Bakr Seif, two weeks before his wedding, told his mother that he was going to visit his fiancee and would return for lunch. His mother called Bakr Seif’s fiancee when he didn’t show up at night. She said that he hadn’t been to see her.
Seif’s mother last saw him on Dec. 8. He was one of nine killed last week in an airstrike by the Iraqi army against suspected militants in eastern Iraq. Four of the victims were Lebanese and all hail from the small, impoverished village just north of Tripoli.
As Lebanon fell deeper into economic despair, many young men fled the country’s northern regions. They later escaped to Iraq where they were believed to have joined Islamic State. Fears of a new wave in radical recruitment have been fueled by frustration and despair caused by economic turmoil and sectarian tensions.
Many Lebanese have fallen into poverty since the local currency collapsed, the value and importance of their salaries has plummeted, and the prices have shot up. Tripoli was Lebanon’s poorest capital before the crisis. Things have only gotten worse since scores of young men are unemployed in the streets.
Some young men join IS because of poverty, but it’s more than that. Tripoli and the surrounding areas are also home to many Sunni Muslims from Lebanon, who feel neglected by the government in Beirut. Sunni youth have been targeted by security forces in their crackdowns on militancy. Activists have claimed for years that thousands of them have been held without trial due to suspicions of militant connections.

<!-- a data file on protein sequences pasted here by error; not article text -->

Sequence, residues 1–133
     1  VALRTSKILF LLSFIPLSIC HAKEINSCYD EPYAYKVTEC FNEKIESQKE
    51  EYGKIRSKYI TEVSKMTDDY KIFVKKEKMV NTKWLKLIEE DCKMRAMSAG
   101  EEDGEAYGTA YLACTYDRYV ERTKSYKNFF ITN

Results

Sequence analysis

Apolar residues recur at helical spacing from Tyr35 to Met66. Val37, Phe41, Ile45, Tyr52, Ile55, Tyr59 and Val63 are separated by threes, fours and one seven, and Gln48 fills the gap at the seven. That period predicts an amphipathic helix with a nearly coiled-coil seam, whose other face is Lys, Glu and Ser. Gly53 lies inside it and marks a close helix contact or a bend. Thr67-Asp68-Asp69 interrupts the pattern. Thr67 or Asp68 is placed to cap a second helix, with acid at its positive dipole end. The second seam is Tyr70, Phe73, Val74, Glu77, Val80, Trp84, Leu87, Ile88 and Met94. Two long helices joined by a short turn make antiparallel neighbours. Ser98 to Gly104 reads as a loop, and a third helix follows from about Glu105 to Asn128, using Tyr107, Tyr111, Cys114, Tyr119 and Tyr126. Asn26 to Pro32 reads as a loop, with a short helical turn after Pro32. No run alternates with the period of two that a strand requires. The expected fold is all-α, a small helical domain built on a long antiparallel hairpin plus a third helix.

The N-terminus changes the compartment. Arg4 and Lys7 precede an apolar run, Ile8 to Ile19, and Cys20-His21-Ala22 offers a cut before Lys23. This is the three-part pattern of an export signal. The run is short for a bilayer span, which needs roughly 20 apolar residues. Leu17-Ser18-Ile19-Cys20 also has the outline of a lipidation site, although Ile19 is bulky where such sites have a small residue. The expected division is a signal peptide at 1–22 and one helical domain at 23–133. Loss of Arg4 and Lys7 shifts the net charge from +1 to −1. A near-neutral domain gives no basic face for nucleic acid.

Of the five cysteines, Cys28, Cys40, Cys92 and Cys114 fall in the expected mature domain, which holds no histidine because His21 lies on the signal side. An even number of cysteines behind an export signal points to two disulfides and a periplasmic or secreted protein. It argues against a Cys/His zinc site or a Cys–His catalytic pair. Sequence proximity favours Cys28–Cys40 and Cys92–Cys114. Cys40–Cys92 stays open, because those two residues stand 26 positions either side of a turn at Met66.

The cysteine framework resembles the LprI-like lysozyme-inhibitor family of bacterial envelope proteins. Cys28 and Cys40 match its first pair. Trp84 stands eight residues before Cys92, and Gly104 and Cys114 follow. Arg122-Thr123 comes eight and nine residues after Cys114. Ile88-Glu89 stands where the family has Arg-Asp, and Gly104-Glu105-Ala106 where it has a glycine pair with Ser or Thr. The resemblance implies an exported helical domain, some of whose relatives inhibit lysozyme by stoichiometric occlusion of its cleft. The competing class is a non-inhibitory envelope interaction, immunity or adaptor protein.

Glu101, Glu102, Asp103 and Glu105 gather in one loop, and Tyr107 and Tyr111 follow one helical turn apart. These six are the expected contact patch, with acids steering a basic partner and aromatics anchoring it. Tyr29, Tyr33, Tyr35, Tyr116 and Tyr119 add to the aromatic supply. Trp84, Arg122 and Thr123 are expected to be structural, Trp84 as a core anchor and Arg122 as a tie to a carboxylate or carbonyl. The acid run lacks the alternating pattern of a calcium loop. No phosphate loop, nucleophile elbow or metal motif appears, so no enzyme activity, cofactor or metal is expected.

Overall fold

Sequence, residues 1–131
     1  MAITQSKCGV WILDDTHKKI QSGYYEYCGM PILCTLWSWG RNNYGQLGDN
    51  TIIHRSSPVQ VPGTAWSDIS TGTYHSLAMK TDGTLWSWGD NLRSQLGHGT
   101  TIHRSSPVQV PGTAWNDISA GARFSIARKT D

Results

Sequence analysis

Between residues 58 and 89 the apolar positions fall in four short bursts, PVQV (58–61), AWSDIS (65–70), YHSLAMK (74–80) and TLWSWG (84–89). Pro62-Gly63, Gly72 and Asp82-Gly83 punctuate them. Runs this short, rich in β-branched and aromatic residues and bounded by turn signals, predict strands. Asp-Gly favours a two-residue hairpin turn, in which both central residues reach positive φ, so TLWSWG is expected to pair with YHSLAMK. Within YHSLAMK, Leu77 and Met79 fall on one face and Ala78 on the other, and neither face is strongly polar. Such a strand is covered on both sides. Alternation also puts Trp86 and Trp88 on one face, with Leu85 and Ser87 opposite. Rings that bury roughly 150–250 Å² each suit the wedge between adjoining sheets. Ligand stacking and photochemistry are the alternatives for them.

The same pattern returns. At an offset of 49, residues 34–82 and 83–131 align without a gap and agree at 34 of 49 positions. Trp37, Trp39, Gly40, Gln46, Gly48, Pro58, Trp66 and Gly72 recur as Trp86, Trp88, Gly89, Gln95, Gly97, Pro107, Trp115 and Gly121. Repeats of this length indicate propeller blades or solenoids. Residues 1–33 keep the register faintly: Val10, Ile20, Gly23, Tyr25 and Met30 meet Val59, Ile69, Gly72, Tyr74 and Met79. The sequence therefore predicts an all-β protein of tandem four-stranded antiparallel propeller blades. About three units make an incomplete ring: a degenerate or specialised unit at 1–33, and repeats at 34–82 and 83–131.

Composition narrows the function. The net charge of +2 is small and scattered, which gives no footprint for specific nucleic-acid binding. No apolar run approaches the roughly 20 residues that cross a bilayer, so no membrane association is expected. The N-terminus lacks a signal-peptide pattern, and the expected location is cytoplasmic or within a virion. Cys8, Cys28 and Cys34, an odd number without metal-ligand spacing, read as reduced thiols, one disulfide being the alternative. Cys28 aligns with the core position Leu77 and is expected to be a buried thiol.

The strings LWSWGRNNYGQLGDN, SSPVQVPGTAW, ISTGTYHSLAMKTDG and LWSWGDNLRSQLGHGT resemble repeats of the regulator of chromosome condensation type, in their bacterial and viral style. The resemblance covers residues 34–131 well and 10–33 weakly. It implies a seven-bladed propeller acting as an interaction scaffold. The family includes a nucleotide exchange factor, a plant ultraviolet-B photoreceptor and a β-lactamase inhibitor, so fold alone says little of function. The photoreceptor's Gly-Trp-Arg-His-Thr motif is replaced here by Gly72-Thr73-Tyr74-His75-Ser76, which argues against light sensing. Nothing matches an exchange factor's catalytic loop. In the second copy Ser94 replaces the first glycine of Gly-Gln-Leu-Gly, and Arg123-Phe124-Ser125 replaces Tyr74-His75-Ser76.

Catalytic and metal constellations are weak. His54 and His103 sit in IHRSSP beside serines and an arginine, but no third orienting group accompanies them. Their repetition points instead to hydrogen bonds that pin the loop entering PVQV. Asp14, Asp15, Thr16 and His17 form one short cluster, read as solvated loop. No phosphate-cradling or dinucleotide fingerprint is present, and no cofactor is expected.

Seif’s mother believed that her son was being held by Lebanese intelligence. He called her five to six days before his death, the first time she had heard from him since his disappearance. She said that he wouldn’t tell her whereabouts and only told her, “I have not been wronged, i have been wronged” without any explanation.
Seif, who was held on suspicion of “acts terrorism”, spent seven years in prison and was released without trial in June. Seif’s family insists that he is innocent and has opened a grocery to hire him, as no one else would after his release.
He was constantly afraid. His mother used to tell him, “I trust no one except my family,” he said.
Abu Ibrahim al-Hashimi al-Qurayshi was the top leader of IS and was killed by U.S. forces in an attack on his safehouse in northwest Syria. Experts believe that, while his death may cause temporary disruption, the group will be able to replace him and continue its violence in Syria and Iraq.
There are not many Lebanese who have joined IS, as there were hundreds of them who fled to Syria during the civil war. The flow of Lebanese wanting to join IS has slowed down since the war ended several years ago.
It seems that the migration to join IS in Iraq is new. Mohammed Sablouh (Centre for Prisoners Rights), who is the Center for Prisoners Rights’ head, stated that it is believed that 70-100 young men have disappeared from Tripoli in the past months. However, the exact number is unknown.
They came from the most deprived areas in Tripoli and may have been lured to IS by the promise that they would get jobs. Others were afraid they would be caught up in the crackdowns.
“These men have been manipulated by dark forces led, by those who profit from the revival Daesh” Sablouh stated using Arabic for IS.